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NHL Nick's Net

Bruins force Game 7 with commanding, 5-2, victory at home

For the 29th time in franchise history (a National Hockey League leading postseason stat), the Boston Bruins are going to a Game 7 in a best-of-seven series after defeating the Carolina Hurricanes, 5-2, Thursday night at TD Garden.

Whereas recent memory conjures images of Boston’s 2019 Stanley Cup Final Game 7 loss on home ice to the visiting St. Louis Blues, this time around the Bruins will look to be a spoiler on the road in Raleigh, North Carolina and become the first wild card team since the NHL adopted its current playoff format in 2014, to usurp a division winner in their non-traditional division.

See, the B’s belong to the league’s Atlantic Division, while the Canes exist in the Metropolitan Division.

Carolina, meanwhile, will have home ice in their first Game 7 against Boston since the Hurricanes upset the Bruins in the 2009 Eastern Conference Semifinal.

It will also be Carolina’s first Game 7 appearance since they beat the Washington Capitals on the road in their 2019 First Round matchup.

The last Game 7 victory on home ice for the Hurricanes was, of course, the 2006 Stanley Cup Final against the Edmonton Oilers.

Jeremy Swayman (3-1, 2.51 goals-against average, .913 save percentage in four games played) made 23 saves on 25 shots against in the win for Boston Thursday night.

Meanwhile, Hurricanes goaltender, Antti Raanta (2-2, 2.46 goals-against average, .926 save percentage in five games played), turned aside 29 out of 33 shots faced in the loss.

Once more, the Bruins were without Jakub Zboril (right ACL) and Jesper Frödén (lower body) Thursday night, while Hampus Lindholm returned to the lineup after missing the last few games with an upper body injury.

Down 3-2 in the series entering Thursday and with Lindholm’s return to action, Boston’s head coach, Bruce Cassidy, restructured his lines and defensive pairings to a more familiar look around the trade deadline when the B’s were surging in the regular season.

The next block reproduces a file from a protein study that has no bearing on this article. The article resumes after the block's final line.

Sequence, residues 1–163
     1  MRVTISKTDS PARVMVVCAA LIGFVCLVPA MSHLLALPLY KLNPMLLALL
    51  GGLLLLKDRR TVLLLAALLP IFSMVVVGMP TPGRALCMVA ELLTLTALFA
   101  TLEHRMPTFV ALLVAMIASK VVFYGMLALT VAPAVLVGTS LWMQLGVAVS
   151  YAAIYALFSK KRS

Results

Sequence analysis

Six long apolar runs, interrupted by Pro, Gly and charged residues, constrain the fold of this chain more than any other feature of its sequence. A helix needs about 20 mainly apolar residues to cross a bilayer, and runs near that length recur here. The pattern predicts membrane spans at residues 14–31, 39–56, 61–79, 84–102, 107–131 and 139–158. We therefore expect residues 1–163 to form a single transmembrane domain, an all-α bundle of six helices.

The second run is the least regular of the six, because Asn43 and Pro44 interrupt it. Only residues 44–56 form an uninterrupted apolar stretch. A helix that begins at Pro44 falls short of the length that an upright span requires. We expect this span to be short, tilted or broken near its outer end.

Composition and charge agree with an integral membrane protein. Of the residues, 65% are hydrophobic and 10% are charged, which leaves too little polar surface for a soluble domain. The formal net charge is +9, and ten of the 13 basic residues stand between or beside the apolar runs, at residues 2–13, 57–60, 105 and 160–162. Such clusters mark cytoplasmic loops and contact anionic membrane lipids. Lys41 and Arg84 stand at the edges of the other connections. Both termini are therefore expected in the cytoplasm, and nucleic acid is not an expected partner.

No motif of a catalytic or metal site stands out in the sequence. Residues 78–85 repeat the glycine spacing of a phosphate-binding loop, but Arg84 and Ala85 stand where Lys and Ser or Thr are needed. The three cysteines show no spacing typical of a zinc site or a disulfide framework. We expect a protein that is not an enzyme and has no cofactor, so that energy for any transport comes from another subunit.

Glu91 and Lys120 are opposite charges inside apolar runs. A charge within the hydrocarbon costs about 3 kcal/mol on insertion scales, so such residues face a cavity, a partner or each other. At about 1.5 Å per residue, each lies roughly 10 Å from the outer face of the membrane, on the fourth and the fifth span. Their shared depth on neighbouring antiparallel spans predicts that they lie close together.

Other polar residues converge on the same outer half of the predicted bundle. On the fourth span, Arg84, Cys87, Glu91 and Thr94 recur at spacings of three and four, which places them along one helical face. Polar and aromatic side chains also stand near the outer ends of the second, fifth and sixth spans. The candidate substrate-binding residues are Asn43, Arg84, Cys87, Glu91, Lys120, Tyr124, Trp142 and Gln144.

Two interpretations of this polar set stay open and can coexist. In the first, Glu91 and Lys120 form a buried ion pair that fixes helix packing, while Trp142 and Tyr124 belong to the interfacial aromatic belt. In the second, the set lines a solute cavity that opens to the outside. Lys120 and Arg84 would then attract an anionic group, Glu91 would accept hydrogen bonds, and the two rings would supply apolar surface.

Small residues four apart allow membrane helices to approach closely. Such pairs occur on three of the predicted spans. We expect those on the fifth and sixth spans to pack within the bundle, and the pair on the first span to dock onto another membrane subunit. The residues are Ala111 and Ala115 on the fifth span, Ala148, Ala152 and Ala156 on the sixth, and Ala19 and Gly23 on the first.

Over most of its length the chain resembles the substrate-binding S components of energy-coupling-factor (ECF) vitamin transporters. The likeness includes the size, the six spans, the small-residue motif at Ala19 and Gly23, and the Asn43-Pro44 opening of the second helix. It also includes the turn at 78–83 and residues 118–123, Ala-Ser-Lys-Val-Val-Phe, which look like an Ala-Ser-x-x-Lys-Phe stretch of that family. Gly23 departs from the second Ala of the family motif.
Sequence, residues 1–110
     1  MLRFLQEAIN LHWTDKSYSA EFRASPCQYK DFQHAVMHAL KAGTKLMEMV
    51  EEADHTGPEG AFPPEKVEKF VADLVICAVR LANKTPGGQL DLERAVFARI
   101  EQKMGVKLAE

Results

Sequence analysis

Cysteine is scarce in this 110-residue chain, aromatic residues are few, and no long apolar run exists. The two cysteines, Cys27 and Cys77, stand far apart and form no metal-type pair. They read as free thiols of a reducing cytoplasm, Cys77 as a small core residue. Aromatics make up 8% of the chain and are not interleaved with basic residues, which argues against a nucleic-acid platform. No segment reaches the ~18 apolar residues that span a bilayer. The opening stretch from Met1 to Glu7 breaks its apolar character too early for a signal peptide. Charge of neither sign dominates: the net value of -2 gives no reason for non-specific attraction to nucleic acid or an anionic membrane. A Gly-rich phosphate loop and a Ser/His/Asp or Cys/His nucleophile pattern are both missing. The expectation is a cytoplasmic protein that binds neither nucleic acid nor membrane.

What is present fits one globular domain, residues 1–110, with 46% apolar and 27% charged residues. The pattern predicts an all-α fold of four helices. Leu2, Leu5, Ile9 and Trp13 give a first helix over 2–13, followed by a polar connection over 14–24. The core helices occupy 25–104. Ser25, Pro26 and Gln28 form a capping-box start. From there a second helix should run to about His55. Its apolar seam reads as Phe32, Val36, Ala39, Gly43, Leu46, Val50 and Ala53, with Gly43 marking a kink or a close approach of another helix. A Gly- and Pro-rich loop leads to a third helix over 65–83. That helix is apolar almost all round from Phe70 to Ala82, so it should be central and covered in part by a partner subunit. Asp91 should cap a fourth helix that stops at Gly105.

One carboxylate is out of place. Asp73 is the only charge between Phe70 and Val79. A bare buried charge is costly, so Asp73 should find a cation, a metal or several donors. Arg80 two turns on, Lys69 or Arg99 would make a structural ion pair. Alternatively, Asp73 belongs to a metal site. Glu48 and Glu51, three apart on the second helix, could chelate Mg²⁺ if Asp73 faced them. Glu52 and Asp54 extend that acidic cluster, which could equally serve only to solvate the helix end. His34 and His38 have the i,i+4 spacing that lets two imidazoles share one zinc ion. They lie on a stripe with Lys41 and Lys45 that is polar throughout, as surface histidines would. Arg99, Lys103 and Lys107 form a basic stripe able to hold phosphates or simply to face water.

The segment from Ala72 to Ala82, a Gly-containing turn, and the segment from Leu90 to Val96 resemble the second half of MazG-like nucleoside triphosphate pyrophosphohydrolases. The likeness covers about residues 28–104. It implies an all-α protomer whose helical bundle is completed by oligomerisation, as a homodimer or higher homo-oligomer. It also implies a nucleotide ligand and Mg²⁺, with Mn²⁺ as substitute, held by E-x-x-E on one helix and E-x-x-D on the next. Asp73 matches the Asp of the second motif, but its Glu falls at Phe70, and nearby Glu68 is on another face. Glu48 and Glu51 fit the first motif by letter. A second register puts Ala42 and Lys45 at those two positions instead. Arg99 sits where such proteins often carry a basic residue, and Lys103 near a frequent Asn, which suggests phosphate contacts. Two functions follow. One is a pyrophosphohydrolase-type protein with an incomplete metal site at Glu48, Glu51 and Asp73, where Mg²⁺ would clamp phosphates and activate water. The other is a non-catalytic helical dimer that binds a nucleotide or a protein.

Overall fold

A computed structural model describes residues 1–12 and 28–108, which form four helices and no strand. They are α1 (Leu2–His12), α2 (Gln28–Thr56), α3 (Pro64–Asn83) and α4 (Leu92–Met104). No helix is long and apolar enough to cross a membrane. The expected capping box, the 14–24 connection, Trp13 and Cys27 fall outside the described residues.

Jake DeBrusk went back to the first line right wing with Patrice Bergeron at center and Brad Marchand on left wing, while David Pastrnak was reunited with Taylor Hall and Erik Haula on the second line.

Trent Frederic returned to the lineup on the third line with Charlie Coyle at center– flanked by Frederic and Craig Smith on his wings.

Meanwhile, Nick Foligno, Tomáš Nosek and Curtis Lazar returned to their usual roles on the fourth line with Chris Wagner joining the short list of healthy scratches in the press box at TD Garden for Game 6.

On defense, Lindholm and Charlie McAvoy were reunited, while Mike Reilly suited up alongside Brandon Carlo and Derek Forbort and Connor Clifton’s third pairing went unchanged.

Wagner and Matt Grzelcyk joined Jack Studnicka, Marc McLaughlin, Steven Fogarty, Troy Grosenick, Josh Brown, Joona Koppanen, Cameron Hughes, Jack Ahcan, Tyler Lewington, Oskar Steen, Nick Wolff, Anton Blidh, Kyle Keyser and Jakub Lauko as Boston’s healthy scratches on Thursday.

Sebastian Aho kicked things off with a hooking infraction at 12:44 of the first period, but the Bruins couldn’t muster anything on the skater advantage.

Neither team could score, nor did either club score a goal in the opening frame, rendering it, 0-0, entering the first intermission despite Carolina holding an, 11-8, advantage in shots on goal.

Boston led in blocked shots (6-3), giveaways (4-0) and faceoff win percentage (62-39), while the Hurricanes held the advantage in hits (22-11).

Both teams had three takeaways each and had yet to see time on the power play entering the middle frame.

It didn’t take long for the B’s to jump out ahead first as Marchand (4) received a pass and entered the attacking zone along his off wing before sending a wrist shot high on the short side over Raanta’s glove and under the bar to give the Bruins a, 1-0, lead 46 seconds into the second period.

Clifton (1) and Coyle (4) notched the assists as Boston scored the game’s first goal for the first time in the series.

Less than a few minutes later, however, Clifton kicked off a string of penalties for the Bruins when he was assessed a holding minor at 3:23, but Boston made the kill.

Carolina got a second chance on the power play at 9:08, however, when Frederic tripped Brett Pesce and even had 54 seconds on a 5-on-3 advantage when McAvoy cut a rut to the sin bin hooking Vincent Trocheck at 10:15 of the second period.

The Canes, however, failed to convert on the two power plays.

Haula caught Jesperi Kotkaniemi with a high stick at 13:36 of the second period and presented another power play opportunity that went by the wayside for Carolina.

At 16:58, Pesce was assessed a holding minor and yielded Boston their second power play of the night.